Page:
Having absolved Mary [Magdalene],
and heard the plea of the thief,
may you give me hope as well.

Though my prayers are not worthy,
be kind to me, o Good One,
that I may be spared the eternal fire!

Place me among the sheep,
and separate me from the goats,
setting me at your right hand.

When the wicked are confounded
and given over to bitter flames:
call me among the blessed.

Meek and humble, I pray,
with a heart contrite as ashes:
Help me reach my final end.

How tearful that day will be,
when from the ashes will arise
the guilty man for judgment.
Therefore spare him, O God!

Merciful Lord Jesus,
grant them rest. Amen.

To some contemporary ears, I suspect that some of the above lines may seem a bit harsh; the familiarity of the Latin text and the beauty of its poetic form can easily distract us from the admonitory content of the Dies Irae. As stern as these words may be, though, they also remind us that God is merciful - indeed, the very source of mercy - and they call on us to pray: first for our beloved dead and for our own repentance, but also that we may offer to others the same mercy that we seek for ourselves. May all of us who celebrate this Feast of All Souls - including your sinful scribe - take these words in the right way, and take them to heart. AMDG.

Thursday, November 01, 2012

"We think that saints are very rare . . ."

I very rarely 're-post' items that I have already published on this blog, but I believe that this All Saints' Day post from last year deserves to be posted again - partly in hopes of introducing it to new readers, partly because a quirk in Blogger's indexing of old posts makes the original less than accessible, and partly because I like it. The text that follows is nearly identical with what I posted last year, altered only by light editing and a slightly longer quotation from Joseph Grieboski's article.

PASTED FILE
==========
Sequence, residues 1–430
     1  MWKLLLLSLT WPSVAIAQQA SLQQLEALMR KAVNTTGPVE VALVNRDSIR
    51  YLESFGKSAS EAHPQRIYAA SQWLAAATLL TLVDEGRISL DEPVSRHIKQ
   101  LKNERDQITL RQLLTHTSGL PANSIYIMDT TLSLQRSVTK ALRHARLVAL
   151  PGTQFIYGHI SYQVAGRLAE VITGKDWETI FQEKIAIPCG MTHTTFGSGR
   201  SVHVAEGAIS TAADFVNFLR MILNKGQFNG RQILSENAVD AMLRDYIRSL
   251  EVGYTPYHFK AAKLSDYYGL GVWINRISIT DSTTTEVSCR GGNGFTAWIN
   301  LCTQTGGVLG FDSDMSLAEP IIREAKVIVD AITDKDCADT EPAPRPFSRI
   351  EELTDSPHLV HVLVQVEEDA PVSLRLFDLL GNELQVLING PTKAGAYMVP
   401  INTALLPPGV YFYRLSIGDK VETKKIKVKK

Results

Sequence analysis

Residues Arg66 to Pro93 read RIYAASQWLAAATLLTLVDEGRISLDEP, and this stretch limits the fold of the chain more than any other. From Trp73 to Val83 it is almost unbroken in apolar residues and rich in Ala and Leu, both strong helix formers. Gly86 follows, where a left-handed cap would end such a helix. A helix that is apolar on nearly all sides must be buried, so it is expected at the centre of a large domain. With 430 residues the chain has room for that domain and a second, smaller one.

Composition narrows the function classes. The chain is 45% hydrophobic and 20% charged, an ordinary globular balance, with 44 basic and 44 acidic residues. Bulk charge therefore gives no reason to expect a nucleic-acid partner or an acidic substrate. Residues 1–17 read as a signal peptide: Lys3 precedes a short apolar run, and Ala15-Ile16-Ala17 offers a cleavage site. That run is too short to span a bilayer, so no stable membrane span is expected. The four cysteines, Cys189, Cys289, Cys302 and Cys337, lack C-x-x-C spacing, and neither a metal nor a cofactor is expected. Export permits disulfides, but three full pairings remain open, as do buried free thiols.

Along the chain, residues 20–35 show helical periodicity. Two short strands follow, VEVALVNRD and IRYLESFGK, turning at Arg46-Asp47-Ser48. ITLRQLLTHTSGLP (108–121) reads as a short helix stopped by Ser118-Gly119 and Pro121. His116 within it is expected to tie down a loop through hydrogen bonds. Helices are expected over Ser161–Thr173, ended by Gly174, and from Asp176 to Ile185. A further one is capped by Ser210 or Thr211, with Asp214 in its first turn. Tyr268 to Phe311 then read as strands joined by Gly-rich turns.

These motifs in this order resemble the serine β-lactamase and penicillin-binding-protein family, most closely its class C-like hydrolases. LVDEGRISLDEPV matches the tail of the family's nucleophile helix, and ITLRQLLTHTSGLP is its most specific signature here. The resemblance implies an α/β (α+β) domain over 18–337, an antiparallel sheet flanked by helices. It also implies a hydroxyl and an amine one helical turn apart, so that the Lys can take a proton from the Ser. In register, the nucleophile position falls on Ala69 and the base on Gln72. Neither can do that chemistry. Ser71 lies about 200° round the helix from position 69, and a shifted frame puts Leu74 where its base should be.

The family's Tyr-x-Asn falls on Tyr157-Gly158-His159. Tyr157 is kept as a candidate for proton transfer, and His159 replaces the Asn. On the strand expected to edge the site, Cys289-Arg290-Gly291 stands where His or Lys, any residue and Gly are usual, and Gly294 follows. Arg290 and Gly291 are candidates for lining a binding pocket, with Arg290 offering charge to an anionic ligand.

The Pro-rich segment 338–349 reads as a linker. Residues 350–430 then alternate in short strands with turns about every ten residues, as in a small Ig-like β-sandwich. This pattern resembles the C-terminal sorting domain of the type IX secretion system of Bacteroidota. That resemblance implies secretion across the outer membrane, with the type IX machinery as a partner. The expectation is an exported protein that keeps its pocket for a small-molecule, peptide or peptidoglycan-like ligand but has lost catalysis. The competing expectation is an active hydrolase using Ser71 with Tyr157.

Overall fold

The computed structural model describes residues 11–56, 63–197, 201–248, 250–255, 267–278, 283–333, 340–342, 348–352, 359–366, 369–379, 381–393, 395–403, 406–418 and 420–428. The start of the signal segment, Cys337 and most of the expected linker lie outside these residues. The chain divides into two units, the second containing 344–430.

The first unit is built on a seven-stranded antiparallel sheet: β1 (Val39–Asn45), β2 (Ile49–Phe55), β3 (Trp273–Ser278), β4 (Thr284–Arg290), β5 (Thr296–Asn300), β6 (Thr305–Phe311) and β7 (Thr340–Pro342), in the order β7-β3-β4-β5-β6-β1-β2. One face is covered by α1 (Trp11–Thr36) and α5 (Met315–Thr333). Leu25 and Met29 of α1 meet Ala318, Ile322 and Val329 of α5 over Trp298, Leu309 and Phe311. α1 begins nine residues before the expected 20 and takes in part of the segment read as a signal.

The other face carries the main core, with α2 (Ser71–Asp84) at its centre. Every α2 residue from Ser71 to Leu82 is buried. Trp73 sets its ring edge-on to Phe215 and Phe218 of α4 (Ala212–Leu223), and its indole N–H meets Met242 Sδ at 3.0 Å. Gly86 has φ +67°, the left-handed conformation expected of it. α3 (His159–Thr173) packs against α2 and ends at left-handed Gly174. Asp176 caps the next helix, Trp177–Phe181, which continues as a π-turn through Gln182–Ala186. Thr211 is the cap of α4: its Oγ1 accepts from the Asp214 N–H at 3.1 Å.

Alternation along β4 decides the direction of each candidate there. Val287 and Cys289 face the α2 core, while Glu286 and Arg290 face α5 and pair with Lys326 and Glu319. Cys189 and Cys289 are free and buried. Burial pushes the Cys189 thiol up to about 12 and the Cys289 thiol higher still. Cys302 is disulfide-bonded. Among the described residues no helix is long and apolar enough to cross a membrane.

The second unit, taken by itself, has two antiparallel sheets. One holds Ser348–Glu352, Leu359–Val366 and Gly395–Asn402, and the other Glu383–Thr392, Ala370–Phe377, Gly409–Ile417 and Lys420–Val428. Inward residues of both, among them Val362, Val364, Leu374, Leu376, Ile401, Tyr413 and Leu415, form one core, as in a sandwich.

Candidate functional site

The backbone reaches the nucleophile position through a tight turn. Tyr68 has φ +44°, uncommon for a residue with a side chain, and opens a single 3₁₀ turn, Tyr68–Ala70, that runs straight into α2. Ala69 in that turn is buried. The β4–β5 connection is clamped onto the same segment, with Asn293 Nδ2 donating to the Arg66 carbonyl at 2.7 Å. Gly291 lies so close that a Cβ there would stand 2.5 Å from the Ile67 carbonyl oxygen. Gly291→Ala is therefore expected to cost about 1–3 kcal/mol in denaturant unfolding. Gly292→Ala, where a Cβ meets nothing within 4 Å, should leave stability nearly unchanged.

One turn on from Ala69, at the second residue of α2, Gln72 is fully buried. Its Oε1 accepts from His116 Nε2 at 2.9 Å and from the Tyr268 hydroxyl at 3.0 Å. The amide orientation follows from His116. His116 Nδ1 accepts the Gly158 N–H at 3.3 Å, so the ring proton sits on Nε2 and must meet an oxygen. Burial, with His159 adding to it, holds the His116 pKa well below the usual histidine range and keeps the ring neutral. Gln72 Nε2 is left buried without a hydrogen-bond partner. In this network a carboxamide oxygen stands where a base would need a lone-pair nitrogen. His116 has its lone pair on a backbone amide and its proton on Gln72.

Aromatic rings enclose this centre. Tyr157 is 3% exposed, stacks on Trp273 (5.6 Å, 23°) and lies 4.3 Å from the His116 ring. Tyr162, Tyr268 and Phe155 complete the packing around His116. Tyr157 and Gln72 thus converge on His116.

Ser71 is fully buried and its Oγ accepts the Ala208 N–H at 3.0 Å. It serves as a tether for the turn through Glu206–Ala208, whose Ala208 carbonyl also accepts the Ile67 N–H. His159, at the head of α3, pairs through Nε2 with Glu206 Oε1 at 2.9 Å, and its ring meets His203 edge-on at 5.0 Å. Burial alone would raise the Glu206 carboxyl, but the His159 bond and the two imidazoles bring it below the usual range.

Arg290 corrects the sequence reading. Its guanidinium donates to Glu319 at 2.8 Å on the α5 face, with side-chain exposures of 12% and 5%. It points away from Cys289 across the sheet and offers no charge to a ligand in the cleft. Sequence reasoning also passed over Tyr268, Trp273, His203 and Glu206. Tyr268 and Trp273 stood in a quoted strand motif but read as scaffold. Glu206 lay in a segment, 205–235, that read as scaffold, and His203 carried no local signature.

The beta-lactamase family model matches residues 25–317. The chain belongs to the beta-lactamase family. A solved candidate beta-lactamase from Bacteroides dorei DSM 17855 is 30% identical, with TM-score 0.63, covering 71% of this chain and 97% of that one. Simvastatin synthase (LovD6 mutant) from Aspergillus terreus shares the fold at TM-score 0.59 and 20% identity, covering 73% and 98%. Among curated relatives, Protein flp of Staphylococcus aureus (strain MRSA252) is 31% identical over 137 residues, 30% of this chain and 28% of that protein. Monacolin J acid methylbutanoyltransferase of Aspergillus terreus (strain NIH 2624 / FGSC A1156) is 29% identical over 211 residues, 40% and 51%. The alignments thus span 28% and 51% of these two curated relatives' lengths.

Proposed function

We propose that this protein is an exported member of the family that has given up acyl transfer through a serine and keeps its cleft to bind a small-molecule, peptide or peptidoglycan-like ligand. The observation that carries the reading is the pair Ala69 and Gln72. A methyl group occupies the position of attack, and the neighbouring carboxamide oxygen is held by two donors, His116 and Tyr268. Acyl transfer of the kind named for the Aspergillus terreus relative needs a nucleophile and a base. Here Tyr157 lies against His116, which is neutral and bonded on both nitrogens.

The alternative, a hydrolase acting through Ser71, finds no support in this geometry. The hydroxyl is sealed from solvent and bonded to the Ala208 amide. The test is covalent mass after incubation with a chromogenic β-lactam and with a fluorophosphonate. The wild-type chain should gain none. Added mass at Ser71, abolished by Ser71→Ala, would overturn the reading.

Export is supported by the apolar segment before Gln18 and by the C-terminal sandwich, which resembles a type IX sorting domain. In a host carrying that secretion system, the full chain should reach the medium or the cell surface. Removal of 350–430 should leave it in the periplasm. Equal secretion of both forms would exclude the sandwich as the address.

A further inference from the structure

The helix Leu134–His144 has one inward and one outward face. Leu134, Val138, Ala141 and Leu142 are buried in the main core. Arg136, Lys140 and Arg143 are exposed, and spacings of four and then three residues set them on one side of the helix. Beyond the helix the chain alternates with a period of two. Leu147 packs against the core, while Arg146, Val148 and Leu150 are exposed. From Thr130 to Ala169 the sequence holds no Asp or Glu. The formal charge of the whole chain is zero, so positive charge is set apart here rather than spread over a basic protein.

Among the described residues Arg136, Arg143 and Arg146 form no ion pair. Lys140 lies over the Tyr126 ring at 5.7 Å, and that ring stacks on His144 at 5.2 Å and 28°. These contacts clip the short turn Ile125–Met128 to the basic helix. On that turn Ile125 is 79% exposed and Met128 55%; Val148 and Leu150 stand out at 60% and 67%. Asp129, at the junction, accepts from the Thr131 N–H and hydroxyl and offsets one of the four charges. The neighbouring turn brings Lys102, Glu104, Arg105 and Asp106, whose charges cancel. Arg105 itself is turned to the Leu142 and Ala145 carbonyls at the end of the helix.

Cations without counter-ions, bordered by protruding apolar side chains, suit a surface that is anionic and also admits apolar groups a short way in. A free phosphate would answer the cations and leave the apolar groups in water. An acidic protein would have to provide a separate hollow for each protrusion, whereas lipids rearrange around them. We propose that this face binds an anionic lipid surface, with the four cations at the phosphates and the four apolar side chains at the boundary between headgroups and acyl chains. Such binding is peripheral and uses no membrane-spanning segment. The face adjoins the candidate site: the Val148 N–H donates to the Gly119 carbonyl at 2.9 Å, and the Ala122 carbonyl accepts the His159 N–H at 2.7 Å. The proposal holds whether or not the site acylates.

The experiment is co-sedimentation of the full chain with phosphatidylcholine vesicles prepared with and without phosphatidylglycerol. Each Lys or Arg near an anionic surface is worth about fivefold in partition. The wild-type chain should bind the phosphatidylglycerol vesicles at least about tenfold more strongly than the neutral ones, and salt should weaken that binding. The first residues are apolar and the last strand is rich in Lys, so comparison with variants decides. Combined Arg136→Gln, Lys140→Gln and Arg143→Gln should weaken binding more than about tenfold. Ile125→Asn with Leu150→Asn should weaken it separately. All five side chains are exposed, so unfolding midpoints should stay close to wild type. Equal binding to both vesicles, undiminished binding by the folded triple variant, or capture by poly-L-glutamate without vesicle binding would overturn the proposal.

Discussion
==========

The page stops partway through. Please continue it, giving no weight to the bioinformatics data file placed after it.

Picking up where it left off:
The image that illustrates this post is an old photo of me with the late Father Tom King, which I post here in observance of All Saints' Day. Many who knew Tom during the forty-one years that he spent at Georgetown University would unhesitatingly describe him as a saint, precisely the kind of saint that this day is meant for: one who has not been formally raised to the dignity of the altar, one remembered chiefly by God and by those who knew him during his mortal life. "Not a bad public, that," as Robert Bolt had Thomas More say in A Man for All Seasons.

Thomas More is now a saint himself, in the 'official' sense of the word, but the sentiment that Bolt attributed to him is one that exalts all the unofficial saints - all those who, like Tom King, did great things for God in relative anonymity. On All Saints' Day, we remember these anonymous saints in a special way, asking them to intercede for us before the One who knows and has called each of them by name.

For another perspective on these anonymous saints, with particular attention paid to the saintliness of Father Tom King, I would like to share some reflections by my fellow Georgetown alumnus Joseph Grieboski, published not long after Tom's death in June 2009:
The term "saint" is used quite often these days, referring to a good person or a kind person or someone who pulled us out of a jam.